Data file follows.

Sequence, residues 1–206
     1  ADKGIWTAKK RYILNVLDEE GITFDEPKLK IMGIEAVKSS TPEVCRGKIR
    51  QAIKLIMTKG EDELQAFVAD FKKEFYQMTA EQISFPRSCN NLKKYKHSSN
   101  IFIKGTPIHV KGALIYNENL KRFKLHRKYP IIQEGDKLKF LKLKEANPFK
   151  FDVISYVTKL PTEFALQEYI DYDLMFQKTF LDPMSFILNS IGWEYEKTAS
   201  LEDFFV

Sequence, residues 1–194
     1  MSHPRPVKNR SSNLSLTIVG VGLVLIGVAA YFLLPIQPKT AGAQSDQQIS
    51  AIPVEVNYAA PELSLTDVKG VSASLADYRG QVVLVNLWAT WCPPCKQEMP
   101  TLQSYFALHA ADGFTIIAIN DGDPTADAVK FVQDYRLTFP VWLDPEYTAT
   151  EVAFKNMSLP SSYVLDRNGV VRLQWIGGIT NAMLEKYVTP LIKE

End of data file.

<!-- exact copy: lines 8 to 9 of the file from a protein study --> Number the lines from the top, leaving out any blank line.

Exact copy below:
     1  MSHPRPVKNR SSNLSLTIVG VGLVLIGVAA YFLLPIQPKT AGAQSDQQIS
    51  AIPVEVNYAA PELSLTDVKG VSASLADYRG QVVLVNLWAT WCPPCKQEMP